Sometimes some names are known for one thing and one thing only. That thing could be good or bad and breaking out of that stigma or even expanding out of it can be no small task. Take Bridgestone for instance. In the world of golf, most people associate them with golf balls targeted to every skill level and after over 141,000 live golf ball fittings I’d say that’s a fair correlation. Now what happens when a company like Bridgestone steps out of that comfort zone and begins to put the same dedication and quality into golf clubs? THP got a chance to see firsthand when Bridgestone sent their new J40 Cavity Back irons to test out. Did they build upon their golf ball success or is it back to the golf ball drawing board? Check it out.
From the Company
• Premium Forged 1020 carbon steel
• Compact head with higher face progression for tour control and feel
• Relief at trailing edge, leading edge, toe, and heel for improved versatility
• Project X flighted shaft
OK raise your hand, have you ever had love at first sight? You’re lying. Especially if you can see the picture above because in some states it’s illegal to look at that kind of sexiness. The J40 Cavity Back irons are some of the most sexy irons I’ve ever seen in print or in person. Believe me, pictures do not do not do these irons any justice whatsoever. Holding these irons in person really makes you respect quality craftsmanship and design. You almost feel guilty in a way because you hate to know that you’re going to get these things dirty at some point. The club head has a combination of a satin chrome finish on the club face and on the cavity back, but just above the cavity back there’s a nice brushed/matte look that compliments and accents the overall look of these irons. The satin chrome finish of the club head stretches from the club face and goes clear round to that cavity back that has never made technology look and feel so cool.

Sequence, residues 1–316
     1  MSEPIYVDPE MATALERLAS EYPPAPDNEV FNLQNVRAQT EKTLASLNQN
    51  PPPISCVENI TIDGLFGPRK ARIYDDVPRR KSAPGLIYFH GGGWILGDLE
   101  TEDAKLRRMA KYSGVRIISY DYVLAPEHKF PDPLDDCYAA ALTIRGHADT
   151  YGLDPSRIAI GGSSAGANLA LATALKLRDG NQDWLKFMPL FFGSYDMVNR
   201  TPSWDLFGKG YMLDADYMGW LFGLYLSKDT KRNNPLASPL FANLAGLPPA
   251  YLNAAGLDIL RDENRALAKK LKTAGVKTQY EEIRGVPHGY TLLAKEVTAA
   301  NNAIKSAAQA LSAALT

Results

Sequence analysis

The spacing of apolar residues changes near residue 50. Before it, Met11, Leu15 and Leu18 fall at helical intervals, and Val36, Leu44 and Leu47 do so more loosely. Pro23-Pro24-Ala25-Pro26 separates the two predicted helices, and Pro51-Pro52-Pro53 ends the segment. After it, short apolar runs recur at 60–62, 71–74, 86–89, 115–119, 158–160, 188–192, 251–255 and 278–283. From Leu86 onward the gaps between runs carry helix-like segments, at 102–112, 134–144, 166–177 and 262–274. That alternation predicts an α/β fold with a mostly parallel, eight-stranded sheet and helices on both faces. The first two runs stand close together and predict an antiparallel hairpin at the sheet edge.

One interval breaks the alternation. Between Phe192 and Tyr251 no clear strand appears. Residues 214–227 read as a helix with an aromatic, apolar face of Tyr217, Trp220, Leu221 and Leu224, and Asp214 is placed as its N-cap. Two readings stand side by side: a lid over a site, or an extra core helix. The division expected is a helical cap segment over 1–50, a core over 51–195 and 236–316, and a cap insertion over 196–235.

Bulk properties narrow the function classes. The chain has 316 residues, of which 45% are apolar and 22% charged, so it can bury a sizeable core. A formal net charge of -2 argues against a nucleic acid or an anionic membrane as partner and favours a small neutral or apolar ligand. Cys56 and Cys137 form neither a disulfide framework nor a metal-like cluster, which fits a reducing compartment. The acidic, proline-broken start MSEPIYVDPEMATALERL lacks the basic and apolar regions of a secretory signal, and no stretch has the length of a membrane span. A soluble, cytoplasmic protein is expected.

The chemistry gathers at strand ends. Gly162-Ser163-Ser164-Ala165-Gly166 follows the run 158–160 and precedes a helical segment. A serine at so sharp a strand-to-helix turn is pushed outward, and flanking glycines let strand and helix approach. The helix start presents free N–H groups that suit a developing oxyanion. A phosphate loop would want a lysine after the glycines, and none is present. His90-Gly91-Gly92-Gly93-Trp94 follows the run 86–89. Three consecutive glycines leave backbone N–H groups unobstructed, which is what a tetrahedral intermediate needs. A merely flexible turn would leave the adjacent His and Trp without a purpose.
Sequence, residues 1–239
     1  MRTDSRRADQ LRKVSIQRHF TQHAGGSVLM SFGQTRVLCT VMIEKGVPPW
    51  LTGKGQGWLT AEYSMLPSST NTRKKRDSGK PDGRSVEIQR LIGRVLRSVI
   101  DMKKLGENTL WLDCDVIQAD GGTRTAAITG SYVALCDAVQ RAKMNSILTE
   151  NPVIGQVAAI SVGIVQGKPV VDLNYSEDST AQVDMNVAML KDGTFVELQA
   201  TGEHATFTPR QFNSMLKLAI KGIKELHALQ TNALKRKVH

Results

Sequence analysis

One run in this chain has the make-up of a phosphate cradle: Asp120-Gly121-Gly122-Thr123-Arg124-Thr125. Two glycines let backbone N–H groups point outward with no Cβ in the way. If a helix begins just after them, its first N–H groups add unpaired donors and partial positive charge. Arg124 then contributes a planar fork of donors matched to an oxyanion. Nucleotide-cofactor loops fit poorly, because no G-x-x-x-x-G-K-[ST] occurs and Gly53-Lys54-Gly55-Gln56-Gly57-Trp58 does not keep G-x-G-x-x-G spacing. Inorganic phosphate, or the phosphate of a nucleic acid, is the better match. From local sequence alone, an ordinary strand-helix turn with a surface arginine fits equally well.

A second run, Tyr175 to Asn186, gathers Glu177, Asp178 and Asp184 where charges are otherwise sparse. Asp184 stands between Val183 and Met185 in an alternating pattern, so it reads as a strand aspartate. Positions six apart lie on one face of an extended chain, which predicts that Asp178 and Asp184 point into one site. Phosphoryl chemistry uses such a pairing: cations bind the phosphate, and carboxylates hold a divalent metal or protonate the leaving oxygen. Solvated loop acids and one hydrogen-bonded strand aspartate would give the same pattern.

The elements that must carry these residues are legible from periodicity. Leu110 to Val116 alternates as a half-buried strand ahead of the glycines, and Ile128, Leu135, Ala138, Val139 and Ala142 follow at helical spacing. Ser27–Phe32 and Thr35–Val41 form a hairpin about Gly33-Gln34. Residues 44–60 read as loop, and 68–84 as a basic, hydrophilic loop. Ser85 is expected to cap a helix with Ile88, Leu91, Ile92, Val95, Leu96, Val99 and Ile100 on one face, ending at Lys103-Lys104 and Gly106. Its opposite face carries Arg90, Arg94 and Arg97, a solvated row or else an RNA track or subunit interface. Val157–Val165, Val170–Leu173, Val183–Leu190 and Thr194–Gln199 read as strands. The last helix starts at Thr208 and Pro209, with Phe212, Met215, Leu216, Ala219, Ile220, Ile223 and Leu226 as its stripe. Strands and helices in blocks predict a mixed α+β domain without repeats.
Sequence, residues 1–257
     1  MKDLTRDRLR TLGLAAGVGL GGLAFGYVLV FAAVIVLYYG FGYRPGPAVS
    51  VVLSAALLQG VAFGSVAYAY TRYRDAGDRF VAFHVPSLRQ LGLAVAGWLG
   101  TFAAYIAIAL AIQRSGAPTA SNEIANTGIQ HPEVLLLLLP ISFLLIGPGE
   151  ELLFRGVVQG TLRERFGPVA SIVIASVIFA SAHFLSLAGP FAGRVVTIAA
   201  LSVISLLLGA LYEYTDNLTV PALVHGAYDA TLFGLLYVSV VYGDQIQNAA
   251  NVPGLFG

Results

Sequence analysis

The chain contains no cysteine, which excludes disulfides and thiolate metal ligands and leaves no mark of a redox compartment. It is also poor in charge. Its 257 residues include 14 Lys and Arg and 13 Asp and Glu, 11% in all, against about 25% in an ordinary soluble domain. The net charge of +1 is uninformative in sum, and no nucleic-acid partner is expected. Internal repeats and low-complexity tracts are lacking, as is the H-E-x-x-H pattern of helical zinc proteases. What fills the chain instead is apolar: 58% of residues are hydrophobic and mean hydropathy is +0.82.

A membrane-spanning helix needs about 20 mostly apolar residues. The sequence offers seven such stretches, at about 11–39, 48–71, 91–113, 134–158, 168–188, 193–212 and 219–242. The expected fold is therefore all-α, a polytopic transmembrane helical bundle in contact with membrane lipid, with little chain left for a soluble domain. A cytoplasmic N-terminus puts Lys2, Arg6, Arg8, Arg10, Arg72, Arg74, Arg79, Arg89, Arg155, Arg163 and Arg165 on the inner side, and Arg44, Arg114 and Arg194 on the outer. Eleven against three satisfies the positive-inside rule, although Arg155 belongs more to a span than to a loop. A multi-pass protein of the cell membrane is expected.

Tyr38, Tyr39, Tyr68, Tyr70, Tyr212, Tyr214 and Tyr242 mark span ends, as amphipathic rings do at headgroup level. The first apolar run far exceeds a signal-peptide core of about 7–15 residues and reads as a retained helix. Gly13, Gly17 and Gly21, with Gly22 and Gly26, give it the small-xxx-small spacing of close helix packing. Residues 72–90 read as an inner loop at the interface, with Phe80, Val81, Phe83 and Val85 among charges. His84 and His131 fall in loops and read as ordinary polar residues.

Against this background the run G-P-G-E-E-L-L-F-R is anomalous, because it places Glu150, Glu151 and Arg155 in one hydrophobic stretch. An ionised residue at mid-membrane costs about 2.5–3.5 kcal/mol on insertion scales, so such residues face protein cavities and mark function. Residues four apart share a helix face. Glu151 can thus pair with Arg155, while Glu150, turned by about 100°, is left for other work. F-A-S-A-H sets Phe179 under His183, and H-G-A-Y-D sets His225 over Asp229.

The first thing you’re drawn to is the cavity back itself. It appears to be a part of the club itself as it looks like it was made with the club and not for the club. The cavity back looks modern and yet classic all the while maintaining its sex appeal but never losing sight of its true job to help you get the ball in the air with some sort of forgiveness. A small detail that needs mentioning is that this cavity back is seamless and has no gaps in it between itself and the club head. No need to get its pretty little self dirty right? The laser etched Bridgestone ‘B’ is an elegantly cool touch that completes the overall look of the club.
After you catch your breath from the cavity back, you’ll now find yourself checking out the stock (yes, stock) Project X flighted shaft. Some people may say ‘Hanks, it’s just a shaft!’ Right, and the Mona Lisa is just a painting. The look of the Project X flighted shaft just seems to work with the overall design of the club and makes a nice pairing with the club head.
So let’s do a quick recap, you’ve got a first class club head design and a first class flighted shaft to go along with it. That’s a lot of good looking technology at your disposal isn’t it? Let’s talk about that technology real quick.
As I alluded to already, there’s a lot of technology in this sexy package that is the J40 Cavity Back irons. It all starts with the club head and only gets better from there. The club head itself is compact, clean looking, and sports a thinner top line that is sure to please even the most discerning eye. That compact head gradually increases in size as you progress up the set. This is designed to allow the lucky golfer who has these clubs in their bag to have greater control in the scoring irons and pitching wedge. This is done seamlessly and unless you’re looking for such a thing, you’ll never even notice it. I think that’s really important to the golfer as well. There’s already enough things going through your head, why add ‘hey, is my 8 iron slightly bigger than my 6 iron?’ The iron set (5-PW) has evenly distributed lofts in 4 degree increments that should make it easy to add wedges to compliment the J40 pitching wedge. Hmmm, perhaps the J40 wedges? 3 and 4 irons are sold separately but obtainable from Bridgestone directly if needed as well.